In Leviticus 23, it says that we are to bring fruits and leaves and rejoice with them. In the Jewish tradition we are actually waving them, which was a sign of joy in biblical times, even outside of Sukkot. When Yeshua rode in to Jerusalem on the donkey foal, people waved with palm leaves and shouted Hosanna, even though it was close to Passover and not Sukkot. Rabbinical tradition has developed a system that says which exact branches and fruits you need (Lulav, Hadas, Arava, Etrog), based on Leviticus 23. I am holding them in the picture. This was probably not the original meaning of the text. In Nehemiah 8, we can even see how they are adding olive branches. But we know that this rabbinic tradition was in place already at the time of Jesus, and he is not on record condemning or protesting it. It’s a custom that has been in place for thousands of years. If the gentile Christians can celebrate pagan holidays and justify it by tradition, how much more should we be able to hold on to a few rabbinical traditions even if they are not in the Bible.
The last day of the holiday, the seventh day, is called Hoshana Rabba. It’s the day before the additional holiday Shmini Atzeret. The Bible doesn’t say anything about Hoshana Rabba being special, but the rabbis declared it so. They decreed that on this day God decides how much rain the land will receive during the coming year (remember that there is never any rain in summer in Israel) and there was a water ceremony in the temple called Simchat Beit haShoeva. The talmud even states that whoever hasn’t been present at that celebration doesn’t know what true joy is.
The gospel of John (yes, the gospel often accused of being antisemitic) confirms this rabbinic tradition in John 7:37 by stating that this was “the most important day of the feast.” In the middle of that water ceremony Jesus stood up and shouted “If anyone is thirsty come to Me and drink.” (John 7:38). Again we see how Jesus uses rabbinical tradition to point to himself. God can take both rabbinic and pagan customs and turn them to be about him.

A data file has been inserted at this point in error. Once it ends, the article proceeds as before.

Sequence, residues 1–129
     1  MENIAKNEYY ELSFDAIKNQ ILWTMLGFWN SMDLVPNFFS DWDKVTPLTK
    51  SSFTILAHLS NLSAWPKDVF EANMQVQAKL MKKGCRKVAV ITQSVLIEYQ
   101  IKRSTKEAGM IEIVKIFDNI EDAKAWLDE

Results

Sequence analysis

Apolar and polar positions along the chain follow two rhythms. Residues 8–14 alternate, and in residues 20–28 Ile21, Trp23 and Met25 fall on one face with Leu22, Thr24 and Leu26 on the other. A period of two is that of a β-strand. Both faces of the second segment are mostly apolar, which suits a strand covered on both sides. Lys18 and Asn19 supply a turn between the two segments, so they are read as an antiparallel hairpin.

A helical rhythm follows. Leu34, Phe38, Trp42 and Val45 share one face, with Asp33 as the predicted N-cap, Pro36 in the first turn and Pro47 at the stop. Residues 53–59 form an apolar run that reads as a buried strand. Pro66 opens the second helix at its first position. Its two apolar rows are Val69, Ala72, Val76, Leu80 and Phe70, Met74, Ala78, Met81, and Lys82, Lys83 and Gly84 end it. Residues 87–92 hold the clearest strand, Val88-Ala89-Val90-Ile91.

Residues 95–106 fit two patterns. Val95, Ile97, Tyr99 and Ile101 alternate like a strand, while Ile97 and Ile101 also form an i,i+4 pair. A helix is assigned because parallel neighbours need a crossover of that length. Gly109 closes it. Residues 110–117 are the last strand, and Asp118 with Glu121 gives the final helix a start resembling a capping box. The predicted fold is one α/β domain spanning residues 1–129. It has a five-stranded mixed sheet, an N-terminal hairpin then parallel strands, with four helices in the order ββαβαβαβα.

The Torah says “Rejoice, O nations, with his people,” in Deutronomy 32:43. Not instead of his people, as some Christians seem to prefer, but with his people. The prophet Zechariah confirms in Zechariah 14:16-19 that indeed gentile nations will rejoice with his people by celebrating Sukkot, the holiday of rejoicing. How curious then that the gentile Christian tradition seems to have developed their own versions of Pesach and Shavuot, but not of Sukkot. I don’t want to be judgmental, but from the face value I find in the biblical text, it doesn’t seem that this is what God had in mind. If there is any holiday that gentiles who believe in the God of Israel should observe, it is Sukkot.
Finally, Sukkot is also a symbol of the incarnation. I said before that we celebrate God with us, “Immanuel.” Some math of the New Testament indicates that Jesus could have been born on Sukkot. Maybe even born in a Sukka. He took his temporary dwelling among us. In that way, Sukkot can both symbolize his first and his second coming. Both his incarnation and his return. Both our salvation and our eternity with him in heaven. No wonder this holiday is so focused on rejoicing!
Sin tried to kill us, but Jesus saved us. We can go into his presence both symbolically in the Sukka and in reality in heaven. We have free access through the blood of the lamb. In that way, maybe Sukkot after all does say “they tried to kill us, they failed, let’s eat.”